The reality was that Thomas had a slight statistical regression, often looking out of sorts with his mechanics and uncomfortable throwing the ball at times. Still, Virginia Tech coaches don’t think Thomas had as bad of a season as many are making it out to be.
“I think he’s progressed,” offensive coordinator Bryan Stinespring said. “Obviously it hasn’t shown up so much in the stat department. A lot of that doesn’t have to do with him. It’s a whole new group around him. I think he’s progressed well. I think he understands defenses more.”
Thomas knows his mechanics weren’t finely tuned this year. It showed most when he sailed passes over his receivers.
“My throwing motion had gone up or over the top of the shoulder and then I’d drop it down sometimes which caused the ball to sail going back and looking at film,” Thomas said. “It’s just a couple things I need to work on to make sure it’s just the same way every time. Make sure it’s done right. I missed a lot of throws this year to where I want them back.”
A look at Thomas’ statistics shows a slight regression, but not a huge step back (then again, the hope for Thomas this year was to make a big step forward). For all of Thomas’ struggles, he’s still 172 yards from breaking his own school record in total offense. Granted, it will take him more plays to reach that mark this year (and far more than Tyrod Taylor needed in 2010), something that shows just how dependent on Thomas the Hokies were this season.
Here’s the last three years for Tech’s total offense leaders, all of which were — or likely will be — school records:
- 2010: Tyrod Taylor, 461 plays, 3,402 yards
- 2011: Logan Thomas, 544 plays, 3,482 yards
- 2012: Logan Thomas, 557 plays, 3,311 yards
Here are Thomas’ passing stats in 2011 and ’12:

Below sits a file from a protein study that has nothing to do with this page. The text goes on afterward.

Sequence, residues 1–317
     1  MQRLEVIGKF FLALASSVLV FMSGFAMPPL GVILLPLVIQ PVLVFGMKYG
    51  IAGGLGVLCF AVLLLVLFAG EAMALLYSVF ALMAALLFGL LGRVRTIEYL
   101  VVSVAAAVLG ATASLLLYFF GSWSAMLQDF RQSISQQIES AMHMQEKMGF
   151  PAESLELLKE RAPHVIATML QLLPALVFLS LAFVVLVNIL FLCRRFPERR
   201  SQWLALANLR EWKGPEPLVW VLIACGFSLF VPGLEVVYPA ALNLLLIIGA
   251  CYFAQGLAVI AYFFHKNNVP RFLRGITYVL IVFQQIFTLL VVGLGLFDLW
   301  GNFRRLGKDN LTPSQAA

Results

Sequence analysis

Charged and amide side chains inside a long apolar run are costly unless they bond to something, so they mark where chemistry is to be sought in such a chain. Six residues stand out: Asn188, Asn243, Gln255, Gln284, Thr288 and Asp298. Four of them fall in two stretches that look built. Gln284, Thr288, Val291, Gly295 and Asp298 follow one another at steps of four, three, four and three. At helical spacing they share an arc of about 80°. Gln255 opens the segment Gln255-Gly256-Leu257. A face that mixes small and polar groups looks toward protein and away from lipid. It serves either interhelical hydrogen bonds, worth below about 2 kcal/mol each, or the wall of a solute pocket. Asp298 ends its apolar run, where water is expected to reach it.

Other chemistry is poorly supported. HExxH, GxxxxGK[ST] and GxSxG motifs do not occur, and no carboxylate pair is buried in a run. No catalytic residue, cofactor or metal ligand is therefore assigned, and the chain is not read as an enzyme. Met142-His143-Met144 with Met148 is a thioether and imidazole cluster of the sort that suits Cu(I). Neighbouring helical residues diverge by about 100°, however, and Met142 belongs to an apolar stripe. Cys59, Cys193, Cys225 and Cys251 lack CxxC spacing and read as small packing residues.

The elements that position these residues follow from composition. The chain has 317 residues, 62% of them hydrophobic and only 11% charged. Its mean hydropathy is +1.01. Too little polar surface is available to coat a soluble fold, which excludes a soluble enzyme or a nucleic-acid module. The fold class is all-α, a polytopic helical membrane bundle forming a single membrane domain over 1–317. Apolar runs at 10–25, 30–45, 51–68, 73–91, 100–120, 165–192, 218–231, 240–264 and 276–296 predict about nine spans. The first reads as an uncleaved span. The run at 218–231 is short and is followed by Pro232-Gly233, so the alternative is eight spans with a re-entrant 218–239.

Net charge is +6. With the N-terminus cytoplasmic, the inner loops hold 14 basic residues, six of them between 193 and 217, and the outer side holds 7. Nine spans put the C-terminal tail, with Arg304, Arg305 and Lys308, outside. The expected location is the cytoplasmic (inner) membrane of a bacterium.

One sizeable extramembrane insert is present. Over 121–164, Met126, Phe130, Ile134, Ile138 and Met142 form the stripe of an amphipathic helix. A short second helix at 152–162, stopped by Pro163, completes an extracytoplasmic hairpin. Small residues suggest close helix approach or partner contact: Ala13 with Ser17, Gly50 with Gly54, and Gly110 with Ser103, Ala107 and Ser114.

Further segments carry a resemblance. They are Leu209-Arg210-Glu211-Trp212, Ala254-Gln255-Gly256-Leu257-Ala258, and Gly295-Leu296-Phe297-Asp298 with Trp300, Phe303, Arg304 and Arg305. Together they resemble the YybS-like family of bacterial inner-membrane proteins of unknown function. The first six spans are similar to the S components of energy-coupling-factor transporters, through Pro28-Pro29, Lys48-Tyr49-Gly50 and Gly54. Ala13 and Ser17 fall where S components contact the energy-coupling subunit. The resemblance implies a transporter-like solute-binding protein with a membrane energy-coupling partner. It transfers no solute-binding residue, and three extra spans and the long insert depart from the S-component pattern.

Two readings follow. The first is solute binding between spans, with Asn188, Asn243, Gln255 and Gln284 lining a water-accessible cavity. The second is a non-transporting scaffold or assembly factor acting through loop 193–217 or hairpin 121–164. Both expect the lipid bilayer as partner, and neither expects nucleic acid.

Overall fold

- 2011: 14 games, 234-391, 59.8%, 3,013 yards, 19 TD, 10 INT, 7.7 7pa, 135.5 rating, 215.2 ypg, 27.9 apg, 3,482 total yards, 248.7 ypg
- 2012: 12 games, 205-390, 52.6%, 2,783 yards, 17 TD, 14 INT, 7.1 ypa, 119.7 rating, 231.9 ypg, 32.5 apg, 3,311 total yards, 276.2 ypg
He’ll actually have a chance to throw for more yards in fewer games, although he’s been less efficient. His completion percentage is down over seven points. He would have needed to complete 28 more of his passes this year to reach last season’s completion rate. Dropped passes by receivers can only account for so much.
His interceptions are up slightly and thus his rating is down. But he’s thrown the ball far more often this year, many times with the Hokies trailing big and in obvious passing situations.
He has almost five more attempts this season. He had five games with 34 or more attempts this season. He had only two such games last year. He had two games last year in which he completed fewer than 50 percent of his passes (his first two as a starter, so inexperience was a factor). This year, it was four games, including the last two against Boston College and Virginia.
Conversely, last season he had seven games in which he completed 60 percent or more of his passes. He topped the 60 percent mark only twice this year.
His rushing stats look very similar to last year:
- 2011: 153 carries, 469 yards, 3.1 ypc, 11 TD, 10.9 apg, 33.5 ypg
- 2012: 167 carries, 528 yards, 3.2 ypc, 9 TD, 13.8 apg, 44.3 ypg
Given Virginia Tech’s running backs, it’s no surprise that Thomas shouldered a bigger load, getting almost three more carries a game. What’s surprising is his yards per carry actually went up slightly. Anecdotally, that didn’t seem like it would be the case.
While Thomas never had more than 18 carries in a game last season (the Georgia Tech game), he had 20 or more carries three times this season (Clemson, Miami, Virginia). He had 29 carries for 89 yards against the Cavaliers, shouldering the offensive load on a day where the elements weren’t conducive for passing by repeatedly running into a stacked front.
Although the stats don’t show a glowing picture about Thomas’ season, Stinespring, for one, still thinks the quarterback is the same NFL prospect he was following last season.
“When we sit back and talk, ‘Is Logan ready?’ He’s the same guy he was last year,” Stinespring said. “Obviously the stats haven’t gone the same as last year and the completion percentage is not as high as it was last year, but it’s not like you got a guy that last year everybody was talking about how quickly he could be drafted and now people will kind of talk about if and when.”